Dangote invests in Zambian coal plant

Dangote coal power plantDangote will construct a 30MW coal thermal power plant in Masaiti, Zambia. (Image source: EJP Photo/flickr)Dangote Industries Zambia has announced it will construct and operate a coal thermal power plant to generate 30MW of electricity to meet the demand of a cement plant it plans to build on the Copperbelt

The firm plans to invest in the cement plant in Masaiti, which will include the construction of a power plant and other associated facilities, at a cost of US$450mn. The investment will cover the construction of a cement plant complex and other auxiliary and support infrastructure such as schools, housing units, a clubhouse, shops and a water treatment plant.

The coal thermal plant will provide cheap power for the cement factory, according to an Environmental Impact Assessment (EIA) report submitted to the Zambia Environmental Management Agency (ZEMA).

“The proposed cement factory shall enjoy quality and more reliable electric power supply. Consequently, the cost of production will be lowered due to the use of cheaper and cleaner source of energy. This will in turn lower the cost of the cement in the country,” the report said.

The company has observed that the cement plant will require substantial stable electricity for its operations. The current situation in Zambia means that electrical energy demand has reached a point where demand is greater than supply.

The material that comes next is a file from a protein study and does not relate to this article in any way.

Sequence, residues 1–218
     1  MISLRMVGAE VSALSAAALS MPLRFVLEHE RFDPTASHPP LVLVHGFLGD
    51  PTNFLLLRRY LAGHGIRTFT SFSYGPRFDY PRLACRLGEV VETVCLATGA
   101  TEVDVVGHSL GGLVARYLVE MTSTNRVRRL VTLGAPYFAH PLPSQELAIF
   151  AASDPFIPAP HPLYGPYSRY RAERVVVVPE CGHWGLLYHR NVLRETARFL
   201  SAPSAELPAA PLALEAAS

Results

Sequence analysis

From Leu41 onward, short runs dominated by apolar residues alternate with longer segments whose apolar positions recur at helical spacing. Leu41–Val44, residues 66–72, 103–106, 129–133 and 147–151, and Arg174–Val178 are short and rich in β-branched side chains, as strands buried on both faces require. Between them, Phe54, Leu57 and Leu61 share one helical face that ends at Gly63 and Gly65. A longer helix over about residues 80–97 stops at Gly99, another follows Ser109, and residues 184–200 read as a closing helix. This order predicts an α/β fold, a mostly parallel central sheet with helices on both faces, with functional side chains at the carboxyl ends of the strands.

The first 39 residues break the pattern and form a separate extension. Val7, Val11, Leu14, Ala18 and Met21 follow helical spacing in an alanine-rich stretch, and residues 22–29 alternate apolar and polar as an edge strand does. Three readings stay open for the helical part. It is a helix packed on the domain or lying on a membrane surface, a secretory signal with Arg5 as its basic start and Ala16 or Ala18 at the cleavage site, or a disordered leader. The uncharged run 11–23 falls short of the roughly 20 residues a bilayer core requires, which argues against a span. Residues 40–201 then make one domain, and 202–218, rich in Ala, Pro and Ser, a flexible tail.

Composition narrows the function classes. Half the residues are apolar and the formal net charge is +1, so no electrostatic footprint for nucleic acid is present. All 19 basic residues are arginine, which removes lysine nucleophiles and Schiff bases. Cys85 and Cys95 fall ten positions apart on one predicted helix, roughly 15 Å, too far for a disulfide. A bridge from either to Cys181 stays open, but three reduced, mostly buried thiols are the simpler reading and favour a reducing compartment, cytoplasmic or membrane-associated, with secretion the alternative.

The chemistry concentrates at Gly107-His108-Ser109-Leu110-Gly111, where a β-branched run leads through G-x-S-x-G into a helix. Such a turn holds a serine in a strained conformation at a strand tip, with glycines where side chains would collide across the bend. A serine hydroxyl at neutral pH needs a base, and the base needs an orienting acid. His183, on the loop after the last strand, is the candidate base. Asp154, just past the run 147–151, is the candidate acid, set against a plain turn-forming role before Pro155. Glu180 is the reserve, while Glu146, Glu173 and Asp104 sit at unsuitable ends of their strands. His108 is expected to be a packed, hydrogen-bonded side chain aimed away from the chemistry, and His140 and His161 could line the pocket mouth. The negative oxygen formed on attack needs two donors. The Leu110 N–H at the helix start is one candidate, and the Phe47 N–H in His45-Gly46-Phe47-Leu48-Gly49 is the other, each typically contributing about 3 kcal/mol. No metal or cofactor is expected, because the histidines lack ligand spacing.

The power plant will be situated within the area that Dangote has already secured for the cement complex, which means the resettlement action plan and biophysical considerations remain unchanged by the power plant.

The power plant will be designed to operate on coal at a federate of 15 tonnes per hour and the steam generator to be used employs fluidised bed combustion technology.

The fluidised bed combustion is a flexible method of generating electricity, allowing the use of abandoned coal waste that previously would not be used due to its poor quality.

Likely impacts on air quality, water, soil and land arising from the operations of the power plant will be mitigated through use of electrostatic precipitators and bag filters to cut down dust to acceptable national standards.

The EIS stated further that the disturbed areas around the mining site will be progressively rehabilitated to re-establish biodiversity in the district.

The project will create employment opportunities for the locals when fully operational and reduce poverty levels in the area. It will also increase support to Masaiti District Council through levy and rates that will engender an improvement in service delivery for the people and standards of living for the community.

Nawa Mutumweno

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